From matric dance to marriage – soulmates look back
High school sweethearts may not always stay together, but when they do, having a shared history can add a different dimension to their relationship. Three couples whose teen love stories took them to the chuppah share their stories.
Just 14 and 13 respectively, Jonathan and Michal Zinman started dating in October 1997 during their first year of high school. “We met on the first day of Form One [Grade 8] at King David Linksfield,” Jonathan recalls. Part of the same social circle, the two were initially very good friends and that evolved into a relationship.
“We used to speak a lot on the phone on those old landlines,” Jonathan recalls. Laughing, Michal says, “where you had to speak awkwardly to the parents before you could speak to each other”. It was on one of those phone calls that Jonathan told her he liked her. From school tours to the matric dance to the general day-to-day challenges of growing up, they stayed by each other’s side. Ulpan was a definite high school highlight, they say. “To be in Israel together for three months was amazing,” says Jonathan.
“We both knew instantly that we’d get married,” says Michal. “We always used to say that we knew this was going to end up in a marriage – we were too young to feel so in love with one another.” Both 29 when they got married, Jonathan jokes that he doesn’t know why it took so long.
Having been together for so long eased any anxiety about fitting into one another’s families, says Michal. “We grew up in one another’s homes, we were a part of each other’s families from such a young age.” The enduring shared friendships that they established in high school are also a benefit of having such an extensive history together, they say.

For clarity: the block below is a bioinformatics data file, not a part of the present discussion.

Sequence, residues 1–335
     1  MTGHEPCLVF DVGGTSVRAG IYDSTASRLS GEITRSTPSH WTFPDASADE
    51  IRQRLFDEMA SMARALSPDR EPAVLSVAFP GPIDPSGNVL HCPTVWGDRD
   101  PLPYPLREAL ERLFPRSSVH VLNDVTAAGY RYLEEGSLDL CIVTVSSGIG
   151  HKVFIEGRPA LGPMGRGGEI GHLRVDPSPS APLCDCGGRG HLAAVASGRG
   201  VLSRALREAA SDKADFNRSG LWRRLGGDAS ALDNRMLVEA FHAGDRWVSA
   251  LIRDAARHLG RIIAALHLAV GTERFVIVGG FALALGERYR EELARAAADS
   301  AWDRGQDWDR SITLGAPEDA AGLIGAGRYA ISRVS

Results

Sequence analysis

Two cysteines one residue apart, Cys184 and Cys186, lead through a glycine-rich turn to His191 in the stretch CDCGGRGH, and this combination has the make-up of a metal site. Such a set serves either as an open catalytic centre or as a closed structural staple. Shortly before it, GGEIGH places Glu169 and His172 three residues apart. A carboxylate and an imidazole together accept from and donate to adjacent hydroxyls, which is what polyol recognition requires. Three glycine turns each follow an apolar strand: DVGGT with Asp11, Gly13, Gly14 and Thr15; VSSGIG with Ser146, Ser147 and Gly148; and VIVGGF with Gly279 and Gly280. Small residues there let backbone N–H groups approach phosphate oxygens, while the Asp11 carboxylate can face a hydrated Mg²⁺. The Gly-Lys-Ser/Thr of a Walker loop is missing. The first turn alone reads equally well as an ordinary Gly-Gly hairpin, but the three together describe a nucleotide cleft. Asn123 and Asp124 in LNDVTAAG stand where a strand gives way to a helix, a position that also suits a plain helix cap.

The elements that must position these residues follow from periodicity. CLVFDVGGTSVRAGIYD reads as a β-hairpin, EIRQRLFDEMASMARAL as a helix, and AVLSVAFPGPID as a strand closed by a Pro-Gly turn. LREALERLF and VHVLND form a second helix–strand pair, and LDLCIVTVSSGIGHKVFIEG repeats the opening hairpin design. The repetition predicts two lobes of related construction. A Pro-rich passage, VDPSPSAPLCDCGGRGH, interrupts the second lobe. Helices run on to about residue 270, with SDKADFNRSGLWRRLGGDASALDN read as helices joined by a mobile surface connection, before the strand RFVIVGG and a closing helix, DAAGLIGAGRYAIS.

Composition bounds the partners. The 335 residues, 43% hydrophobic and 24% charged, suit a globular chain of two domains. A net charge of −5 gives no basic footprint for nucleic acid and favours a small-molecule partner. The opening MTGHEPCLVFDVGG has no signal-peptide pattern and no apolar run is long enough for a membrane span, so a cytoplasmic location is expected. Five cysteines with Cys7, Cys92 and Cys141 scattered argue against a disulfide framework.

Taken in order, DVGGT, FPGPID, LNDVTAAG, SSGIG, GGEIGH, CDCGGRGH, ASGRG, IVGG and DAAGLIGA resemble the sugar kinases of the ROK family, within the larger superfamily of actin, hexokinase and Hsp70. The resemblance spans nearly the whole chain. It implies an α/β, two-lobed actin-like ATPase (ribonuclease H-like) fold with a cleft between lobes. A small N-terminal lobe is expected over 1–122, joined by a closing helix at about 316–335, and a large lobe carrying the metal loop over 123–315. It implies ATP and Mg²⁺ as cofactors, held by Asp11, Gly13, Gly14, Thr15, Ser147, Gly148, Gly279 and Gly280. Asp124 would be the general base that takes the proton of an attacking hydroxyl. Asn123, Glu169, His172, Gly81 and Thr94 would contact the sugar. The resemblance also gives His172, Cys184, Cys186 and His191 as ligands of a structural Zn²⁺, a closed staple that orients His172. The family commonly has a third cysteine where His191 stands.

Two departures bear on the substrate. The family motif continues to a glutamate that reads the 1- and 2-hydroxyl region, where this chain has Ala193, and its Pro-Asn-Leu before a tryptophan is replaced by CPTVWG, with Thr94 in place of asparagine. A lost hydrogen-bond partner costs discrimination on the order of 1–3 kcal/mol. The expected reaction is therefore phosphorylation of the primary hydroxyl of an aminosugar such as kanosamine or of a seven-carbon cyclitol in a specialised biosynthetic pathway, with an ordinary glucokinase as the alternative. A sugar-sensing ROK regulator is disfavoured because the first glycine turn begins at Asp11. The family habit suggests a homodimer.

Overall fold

Though the two had breaks when Jonathan studied in Cape Town and Michal temporarily lived in Israel, they always knew their future lay with one another. Speaking of how their relationship has grown, Jonathan says what began as infatuation has grown into a mature, pure love where they support one another completely. “We have three beautiful kids, and it’s amazing how it’s evolved to really knowing what we want. We’ve both become religious, and it has enhanced our relationship and family life.”
“We’re on the same path,” Michal says. “We’re behind one another, supporting each other and growing together all the time. We have the same goals, not only for ourselves as individuals but also for our kids and our family.” Their relationship has stood the test of time, says Jonathan because of their deep love for one another and desire to make each other happy every day.
“We can be very vulnerable, open and honest with one another,” says Michal. “There’s a lot of love and kindness. We put each other before ourselves.”
When Lisa Sher* moved from a government school to King David Victory Park in Grade 11, she jokes that she had never seen so many Jewish boys in one place. But it was matric pupil Daniel Sher* that quickly stood out. Lisa’s friend, who knew Daniel from camp, helped facilitate their first date, and the rest is history.